If you ever spend any time with me, you quickly learn not to expect much from me during the two weeks every two years when the Olympics are on. I simply refuse to budge from my TV. (I cannot thank the cable/satellite/Internet companies enough for providing me all-day-everyday coverage. So much better than when I was I kid and it was only on for a couple of hours on the weekend. Enablers, all of you, but I love it.) For years I couldn’t identify why I was such a junkie, but I’ve finally figured it out.
First, there’s the obvious. I love sports. I’ve run marathons, played basketball, softball, tennis, soccer, and field hockey. For years, I was a figure skater. I’ve tried archery, riflery, sailing, gymnastics, fencing, golf, swimming, water polo, and volleyball. Anything I haven’t played, I’m at least conversant in the rules. (Except for cricket. That one just eludes me.) The attraction of the Olympics is, partly, the chance to see all of these sports, especially the obscure ones, competed at the highest levels.
But the real attraction is the stories, not only of the athletes, but also the Games themselves. Every Games has a unique feel. They are a reflection of the host nation and of their times. We’ve gone from parades of staid athletes entering the stadiums to flag waving athletes wielding selfie sticks. Athletes have evolved from hiding in quiet corners in order to focus to wearing huge headphones around the arena. Sports have come and gone, with newer, “cooler” sports being added and sometimes replacing older sports that no longer garner attention.
Times change and every Olympics reflects those times. Usually you see the best of the times, but occasionally you see the worst, such as when there are boycotts and terrorism. You hope for a reflection of the best, but the negative events tell stories, too.
Every Games has those significant, poignant moments that you look back on years down the road and say, “I remember that.” (Or maybe I’m the only nut who tracks the events of her life in conjunction with the Games. Barcelona? I was living overseas that summer. Atlanta? I went out and waited for the torch relay to pass my house. Sochi? I adopted our dog. Lillehammer? I got my first “real” job during that one. And so on.)
But more than the Games, there are the stories of the athletes. Like much of popular culture, there are always the people that everyone knows. It’s more fun to watch the ones that no one knows. There are always tales of courage, epic quests, upsets and underdogs, and overcoming incredible odds. There are lessons in perseverance and discipline. As a writer, I create characters and put them through all kinds of obstacles. But these athletes are real people, and many of them have gone through things that even my imagination couldn’t come up with! It’s a lesson in character development, as well as plot.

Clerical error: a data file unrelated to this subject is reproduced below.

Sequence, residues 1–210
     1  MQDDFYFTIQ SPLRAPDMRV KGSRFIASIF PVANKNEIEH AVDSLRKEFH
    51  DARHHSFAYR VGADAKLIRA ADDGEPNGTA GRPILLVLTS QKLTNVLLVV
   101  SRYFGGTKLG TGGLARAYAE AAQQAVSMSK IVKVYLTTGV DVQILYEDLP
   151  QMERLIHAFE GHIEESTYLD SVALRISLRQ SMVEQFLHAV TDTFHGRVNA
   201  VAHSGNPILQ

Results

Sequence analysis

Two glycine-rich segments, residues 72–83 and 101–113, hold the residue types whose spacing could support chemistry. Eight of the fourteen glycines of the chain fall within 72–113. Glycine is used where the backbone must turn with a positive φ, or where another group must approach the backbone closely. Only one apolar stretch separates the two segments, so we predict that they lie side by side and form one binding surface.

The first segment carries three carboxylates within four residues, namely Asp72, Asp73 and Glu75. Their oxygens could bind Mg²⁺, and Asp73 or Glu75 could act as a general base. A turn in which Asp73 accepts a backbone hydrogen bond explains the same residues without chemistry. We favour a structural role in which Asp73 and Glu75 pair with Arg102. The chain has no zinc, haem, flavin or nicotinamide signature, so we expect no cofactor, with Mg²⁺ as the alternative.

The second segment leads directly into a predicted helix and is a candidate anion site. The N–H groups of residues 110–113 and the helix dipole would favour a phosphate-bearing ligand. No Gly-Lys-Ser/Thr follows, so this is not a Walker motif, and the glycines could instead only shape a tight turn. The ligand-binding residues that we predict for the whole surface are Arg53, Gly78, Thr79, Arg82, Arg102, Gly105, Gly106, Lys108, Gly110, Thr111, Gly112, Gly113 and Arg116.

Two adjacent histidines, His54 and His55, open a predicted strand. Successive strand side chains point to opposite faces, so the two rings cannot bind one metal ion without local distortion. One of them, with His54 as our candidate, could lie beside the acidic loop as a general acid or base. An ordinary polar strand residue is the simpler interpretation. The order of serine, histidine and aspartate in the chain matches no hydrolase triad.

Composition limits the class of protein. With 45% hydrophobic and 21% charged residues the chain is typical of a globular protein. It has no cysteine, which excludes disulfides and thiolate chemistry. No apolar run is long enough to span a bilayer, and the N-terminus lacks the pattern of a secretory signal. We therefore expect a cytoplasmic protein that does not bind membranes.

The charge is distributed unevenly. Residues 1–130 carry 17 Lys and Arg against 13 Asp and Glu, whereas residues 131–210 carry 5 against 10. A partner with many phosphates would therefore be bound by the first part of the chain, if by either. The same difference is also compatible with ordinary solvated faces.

There are the athletes that appear in so many Games that you think they’ll always be there and then, when they retire, you feel their absence. You watch them grow up and then, when time catches up and retirement looms, you feel sad (and old, if they are your age). And there’s joy, too. You can’t help but be happy for the kid who had no chance but who makes the medal stand. You feel joy when the athlete who’s clearly just there to participate turns in a personal best performance and celebrates like she’s won a medal.
Yes, the Olympics may be corrupt and they certainly aren’t living up to the ideal under which they were created. There’s no denying that the IOC has some serious problems. There are also serious problems with doping and cheating in some sports. The Games are over-commercialized. Politics usually sticks its ugly nose in there somewhere, too, ruining what is supposed to be a time of neutrality.
But it’s the stories that bring me in every year. It’s like reading a book with tons of chapters on many different subjects. There are the happy chapters, the sad chapters, and the unbelievable chapters. Like a great book, it’s a chance to escape from reality and drudgery. We get to see and experience things that we’d never get to experience personally. Most of us will never be Olympic athletes, but for just two weeks we get to vicariously enjoy that experience, even if only a little bit. And this is why I’m hooked. I’m a storyteller and an athlete and the Olympics are the perfect combination of the two. I want to watch the competition and lose myself in the stories.
Now, excuse me, but I’ve got to get back to the TV.
(Photos courtesy of Stux, tpsdave & alex1983)
You are so right! The human stories and the history of the Games are what draw me to the Olympics. I attended (driving from Chattanooga to L.A. in ’84, and in ’96 had the experience of a lifetime, living in the Athletes Village as a massage therapist during the Centennial Games in Atlanta. (A part of my own story is in the NPR archives at http://www.npr.org/templates/story/story.php?storyId=93677498. You might find that fun. What’s not in it is the stories of most of the individual people I met there, which have not been published.)
Go back to watching now! 🙂
Glad to know I’m not the only nut!